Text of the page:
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Kremlin Moves Away From Aggressive Youth Policy

Published: July 4, 2014 (Issue # 1818)



  • After Ukraine's Orange Revolution ten years ago, Moscow decided to engineer its own loyal youth movement.
    Photo: Maxim Stulov / Vedomosti

President Vladimir Putin signaled a switch Thursday from the government's previous youth policy of aggressive political groups toward a more traditional approach to instilling patriotism.

"We need to give young people more knowledge about Russia's historical, cultural and natural riches back in school," Putin said. "This is, perhaps, the main way to make them learn to love their motherland and become useful to it," he told a group of government officials and heads of civil society groups in the Kremlin.

His comments suggested there was little likelihood of the resurrection of the abrasive Kremlin-manufactured youth groups that flourished in the last decade.

After Ukraine's Orange Revolution ten years ago, in which young people emerged as a driving force for change through mass public protests, Moscow decided to engineer its own loyal youth movement to offer young people a framework for their political ambitions and crucially to counter-balance oppositional rallies in case of need.

The Nashi movement emerged as the brashest. Their often controversial, belligerent campaigns included harassing foreign ambassadors and opposition figures, as well as organizing mass marches in support of Putin.

Putin demonstratively threw his support behind the movement by attending some of its annual large-scale camp congresses on the shores of Lake Seliger in the Tver region. The government's former chief ideologue, Vladislav Surkov dubbed the "Kremlin demiurge" managed the Nashi project as his personal brainchild.

But when the Russian government faced its own wave of simmering political activism at the end of 2011, Nashi failed to offer any alternative to the tens of thousands who gathered at anti-government rallies in central Moscow. Since then, Nashi has almost disappeared from the headlines.

The organization's press secretary Anastasia Fedorenchik said Thursday that the movement "is not doing much now, but still officially exists today."

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ALL ABOUT TOWN

Thursday, Oct. 2


The celebration of the bicentennial of the birth of Mikhail Lermontov continues with todays free exhibition in the citys Lermontov Library at 19 Liteiny Prospekt. Titled Under the Rustling Wings, the temporary exhibition will feature the costumes and scenery used in the 1917 production of Lermontovs play The Masquerade, which he wrote in 1835 when he was only 21 years old.



Friday, Oct. 3


Learn more about how to manage and evaluate employee performance during SPIBAs Human Resources Committee meeting this morning on Employee Assessment: Global and Local Trends. Starting at 9:30 a.m., the discussion will touch on such topics as the partnership between HR and business, reliable assessment strategies and more, with Tatiana Andrianova, the head of the SHL Russia and CIS branch in St. Petersburg, as the featured guest. Confirm your participation by Oct. 2 by emailing office@spiba.ru or calling 325 9091.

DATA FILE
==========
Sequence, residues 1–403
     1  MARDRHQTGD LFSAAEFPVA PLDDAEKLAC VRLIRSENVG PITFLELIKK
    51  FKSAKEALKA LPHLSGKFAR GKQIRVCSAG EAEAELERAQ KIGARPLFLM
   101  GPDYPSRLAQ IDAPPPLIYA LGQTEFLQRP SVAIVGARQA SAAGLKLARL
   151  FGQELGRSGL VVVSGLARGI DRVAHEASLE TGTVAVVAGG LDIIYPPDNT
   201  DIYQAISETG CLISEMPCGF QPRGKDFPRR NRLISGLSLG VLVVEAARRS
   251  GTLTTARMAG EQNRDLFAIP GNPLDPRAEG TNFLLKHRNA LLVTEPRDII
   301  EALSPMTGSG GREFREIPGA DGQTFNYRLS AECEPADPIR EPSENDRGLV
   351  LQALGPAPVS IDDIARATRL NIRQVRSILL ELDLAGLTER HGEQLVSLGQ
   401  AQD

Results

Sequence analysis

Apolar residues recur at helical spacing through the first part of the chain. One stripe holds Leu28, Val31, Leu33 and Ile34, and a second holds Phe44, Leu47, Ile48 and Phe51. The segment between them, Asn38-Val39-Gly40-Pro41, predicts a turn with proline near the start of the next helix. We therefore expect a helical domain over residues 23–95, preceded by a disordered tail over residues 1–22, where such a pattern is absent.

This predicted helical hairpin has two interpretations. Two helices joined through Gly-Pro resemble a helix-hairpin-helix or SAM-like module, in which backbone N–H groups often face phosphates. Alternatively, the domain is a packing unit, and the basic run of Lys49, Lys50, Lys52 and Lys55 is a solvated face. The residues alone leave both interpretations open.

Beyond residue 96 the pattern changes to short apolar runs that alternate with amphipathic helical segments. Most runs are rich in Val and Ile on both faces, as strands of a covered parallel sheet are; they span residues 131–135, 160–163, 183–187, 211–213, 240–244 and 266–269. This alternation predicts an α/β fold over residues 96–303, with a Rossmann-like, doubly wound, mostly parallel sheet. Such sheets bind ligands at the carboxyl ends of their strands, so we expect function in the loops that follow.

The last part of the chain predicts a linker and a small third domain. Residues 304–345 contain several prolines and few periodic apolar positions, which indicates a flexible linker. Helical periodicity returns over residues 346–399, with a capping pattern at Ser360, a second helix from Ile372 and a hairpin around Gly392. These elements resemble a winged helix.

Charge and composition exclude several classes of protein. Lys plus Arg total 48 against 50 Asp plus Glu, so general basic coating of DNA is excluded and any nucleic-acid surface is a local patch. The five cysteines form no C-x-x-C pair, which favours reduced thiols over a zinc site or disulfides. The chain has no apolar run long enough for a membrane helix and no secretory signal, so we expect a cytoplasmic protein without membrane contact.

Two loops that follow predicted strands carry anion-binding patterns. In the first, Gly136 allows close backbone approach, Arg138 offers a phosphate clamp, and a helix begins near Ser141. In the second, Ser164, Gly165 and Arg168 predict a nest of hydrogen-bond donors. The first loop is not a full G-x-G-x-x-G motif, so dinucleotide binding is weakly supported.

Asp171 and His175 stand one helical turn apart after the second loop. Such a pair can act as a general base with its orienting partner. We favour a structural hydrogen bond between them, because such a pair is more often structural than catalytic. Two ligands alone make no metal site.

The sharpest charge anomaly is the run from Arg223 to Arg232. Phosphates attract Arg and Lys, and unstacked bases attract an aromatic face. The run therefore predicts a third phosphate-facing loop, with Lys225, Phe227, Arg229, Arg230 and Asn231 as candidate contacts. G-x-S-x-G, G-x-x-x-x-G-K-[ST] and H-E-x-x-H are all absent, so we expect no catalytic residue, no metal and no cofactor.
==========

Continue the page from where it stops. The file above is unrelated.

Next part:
AmChams Procurement Committee Meeting is at 9 a.m. this morning in their office in the New St. Isaac Office Center on Ulitsa Yakubovicha.



Saturday, Oct. 4


Wine and cheese lovers will get their chance to revel during Scandinavia Country Club and Spas Wine Market Weekend. Going on today and tomorrow, wining diners can listen to live music, take part in culinary classes and, of course, sample a variety of fine wines from around the world. The cost of admission is 400 rubles ($10.30) for adults and 200 rubles ($5.15) for children.



Sunday, Oct. 5


Look for the latest fall fashions at the Autumn Market today in Freedom Anticafe at 7 Kazanskaya Ulitsa. The minimarket plans to offer clothes more flattering than the puffy jackets that are a staple of the citys cold-weather fashion, while offering the same amount of protection from the biting winds blowing off of the Baltic.



Monday, Oct. 6


SKA St. Petersburg, the citys KHL affiliate, welcomes Slovakian club HC Slovan in a match-up tonight at the Ice Palace near the Prospekt Bolshevikov metro station. The puck drops at 7:30 p.m. and tickets can be purchased on the clubs website or in person at either the arenas box office or the clubs merchandise store on Nevsky Prospekt.



Tuesday, Oct. 7


Learn more about Russias energy industry at the St. Petersburg Energy Forum that begins today and runs through Oct. 10. Attracting industry experts and political and business representatives, the forum plans to welcome more than 350 plus companies and their representatives to discuss the future of Russias largest economic sector.



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